Biden administration touts lower costs for 64 prescription drugs

June 26, 2024

The Biden administration on Wednesday announced some Medicare beneficiaries will save money on 64 prescription drugs for the third quarter of this year as part of a program intended to rein in massive price hikes. 

The Inflation Reduction Act (IRA), which President Biden and congressional Democrats ushered into law in 2022, requires drug companies to pay rebates to Medicare when prices increase faster than the rate of inflation for certain drugs. Health officials then adjust the cost of drugs that qualify for savings under the program. 

Biden has made lowering drug prices a key part of his agenda and a pillar of his reelection campaign, but polls have shown most voters have limited awareness of those efforts. The administration is focusing on pocketbook issues aimed at helping families keep expenses in check and tying health policies to Biden’s economic successes.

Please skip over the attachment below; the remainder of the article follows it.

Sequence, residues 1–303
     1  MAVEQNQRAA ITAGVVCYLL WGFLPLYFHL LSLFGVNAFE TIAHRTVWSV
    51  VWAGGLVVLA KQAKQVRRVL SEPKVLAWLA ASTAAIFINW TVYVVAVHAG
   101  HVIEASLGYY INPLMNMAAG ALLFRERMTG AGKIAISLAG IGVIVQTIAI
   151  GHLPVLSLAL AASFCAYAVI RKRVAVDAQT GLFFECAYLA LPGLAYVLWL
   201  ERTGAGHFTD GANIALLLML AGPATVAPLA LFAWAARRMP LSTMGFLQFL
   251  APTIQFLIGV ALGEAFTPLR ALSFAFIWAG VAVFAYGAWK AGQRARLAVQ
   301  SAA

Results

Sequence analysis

“Without the Inflation Reduction Act, seniors were completely exposed to Big Pharma’s price hikes. Not anymore,” White House domestic policy advisor Neera Tanden said in a statement. 

The IRA contains a number of drug pricing provisions, including allowing Medicare to negotiate the prices of certain high cost drugs, as well as capping how much people with Medicare Part D spend on prescription drugs per year.  

Wednesday’s announcement comes a day ahead of the first general election presidential debate between Biden and former President Trump. Trump has also touted his work to lower drug prices, though the efforts were much more limited. 

The drugs announced Wednesday will have a lowered Part B coinsurance rate from July 1 to September 30, since each drug company raised prices faster than the rate of inflation. 

The list includes Bristol Myers Squibb’s Abecma, a cell therapy for multiple myeloma, and Pfizer’s targeted cancer treatment for certain lymphomas called Adectris. It also includes Astellas Pharma and Pfizer’s Padcev, a targeted cancer treatment for advanced bladder cancer. 

Health officials said more than 750,000 people with Medicare annually use these drugs, which treat conditions such as osteoporosis, cancer, and infections.  

As a result of the rebate program, people with Medicare could save more than $4,500 per day, the administration said.